The Red Scare was a period of anti-communist and anti-radical hysteria that gripped the United States after World War I and the Bolshevik Revolution. In some ways, it was an outgrowth of the anti-radicalism that marked the home front during World War I. During the war, outspoken dissidents and members of the Socialist and Communist Parties and even labor union members were imprisoned for violating the Espionage and Sedition Acts.
After the war, Americans succombed to a reflexive xenophobia, made even worse by the outbreak of the Bolshevik Revolution. Politicians eager to exploit popular fears of communism and other forms of radicalism condemned labor unions and other groups as un-American. The events most associated with the Red Scare were the so-called "Palmer Raids" initiated by U.S. Attorney General A. Mitchell Palmer. Across the country in 1919 and 1920, Palmer's lieutenants, including an up-and-coming young detective named J.Edgar Hoover, launched raids against people suspected of radical activities. They uncovered little evidence of a massive government plot, but dozens were arrested and many people who were not American citizens were deported.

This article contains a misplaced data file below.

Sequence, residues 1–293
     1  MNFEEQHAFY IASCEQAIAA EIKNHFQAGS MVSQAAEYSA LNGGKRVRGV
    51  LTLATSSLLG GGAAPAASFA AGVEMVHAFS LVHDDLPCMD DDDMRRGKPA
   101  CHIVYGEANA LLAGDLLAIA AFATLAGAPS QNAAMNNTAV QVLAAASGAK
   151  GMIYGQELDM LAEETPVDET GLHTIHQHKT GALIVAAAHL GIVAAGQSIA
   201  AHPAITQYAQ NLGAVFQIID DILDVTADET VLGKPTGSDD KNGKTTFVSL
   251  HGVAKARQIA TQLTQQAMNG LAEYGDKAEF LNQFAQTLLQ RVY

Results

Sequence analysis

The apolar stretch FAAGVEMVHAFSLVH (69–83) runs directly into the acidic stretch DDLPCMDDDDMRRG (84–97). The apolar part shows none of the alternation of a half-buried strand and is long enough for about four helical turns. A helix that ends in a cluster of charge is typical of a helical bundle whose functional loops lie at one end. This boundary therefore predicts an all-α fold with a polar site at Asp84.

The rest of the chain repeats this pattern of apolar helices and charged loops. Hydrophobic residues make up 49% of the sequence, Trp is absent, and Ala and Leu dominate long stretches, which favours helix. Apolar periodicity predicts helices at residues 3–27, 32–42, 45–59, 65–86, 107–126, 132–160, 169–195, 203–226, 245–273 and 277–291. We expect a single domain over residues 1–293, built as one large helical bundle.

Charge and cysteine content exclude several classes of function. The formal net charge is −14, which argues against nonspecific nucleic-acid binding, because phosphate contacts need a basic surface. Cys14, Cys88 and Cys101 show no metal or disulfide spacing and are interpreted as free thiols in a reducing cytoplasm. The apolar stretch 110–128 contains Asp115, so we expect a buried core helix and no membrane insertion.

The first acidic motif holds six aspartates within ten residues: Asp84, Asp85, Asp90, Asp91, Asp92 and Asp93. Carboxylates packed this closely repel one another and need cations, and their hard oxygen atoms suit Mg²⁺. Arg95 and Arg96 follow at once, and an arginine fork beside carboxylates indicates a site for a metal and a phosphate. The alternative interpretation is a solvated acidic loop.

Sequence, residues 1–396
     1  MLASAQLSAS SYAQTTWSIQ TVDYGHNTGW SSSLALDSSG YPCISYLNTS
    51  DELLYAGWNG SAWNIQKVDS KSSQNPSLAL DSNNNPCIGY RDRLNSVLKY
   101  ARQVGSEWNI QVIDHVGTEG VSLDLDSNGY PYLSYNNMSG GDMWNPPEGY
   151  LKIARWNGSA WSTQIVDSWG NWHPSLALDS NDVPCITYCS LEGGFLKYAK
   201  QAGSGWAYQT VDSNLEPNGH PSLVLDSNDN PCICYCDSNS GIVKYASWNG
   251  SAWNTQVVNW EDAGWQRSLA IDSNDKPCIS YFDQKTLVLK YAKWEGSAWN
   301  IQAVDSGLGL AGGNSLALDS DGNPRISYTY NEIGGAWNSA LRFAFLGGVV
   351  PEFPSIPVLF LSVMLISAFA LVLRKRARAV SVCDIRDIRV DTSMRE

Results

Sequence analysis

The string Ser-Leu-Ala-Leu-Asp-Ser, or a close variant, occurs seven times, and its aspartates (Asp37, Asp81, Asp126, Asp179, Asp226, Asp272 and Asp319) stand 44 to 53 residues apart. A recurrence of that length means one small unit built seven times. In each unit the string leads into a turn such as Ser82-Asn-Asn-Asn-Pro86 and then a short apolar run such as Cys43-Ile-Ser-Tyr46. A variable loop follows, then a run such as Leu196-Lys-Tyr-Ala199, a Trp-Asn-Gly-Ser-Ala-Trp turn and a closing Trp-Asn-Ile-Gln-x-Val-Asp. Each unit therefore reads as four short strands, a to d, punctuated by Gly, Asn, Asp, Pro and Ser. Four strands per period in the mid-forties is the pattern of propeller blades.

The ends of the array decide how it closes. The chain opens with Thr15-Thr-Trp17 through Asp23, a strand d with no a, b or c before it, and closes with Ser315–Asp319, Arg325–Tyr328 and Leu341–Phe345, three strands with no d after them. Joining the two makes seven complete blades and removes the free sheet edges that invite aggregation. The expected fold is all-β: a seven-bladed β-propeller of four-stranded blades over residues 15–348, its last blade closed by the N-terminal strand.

The Red Scare was also the context for the immigration quotas imposed during the early 1920s, which practically banned immigration from Eastern and Southern Europe, considered hotbeds for radicalism.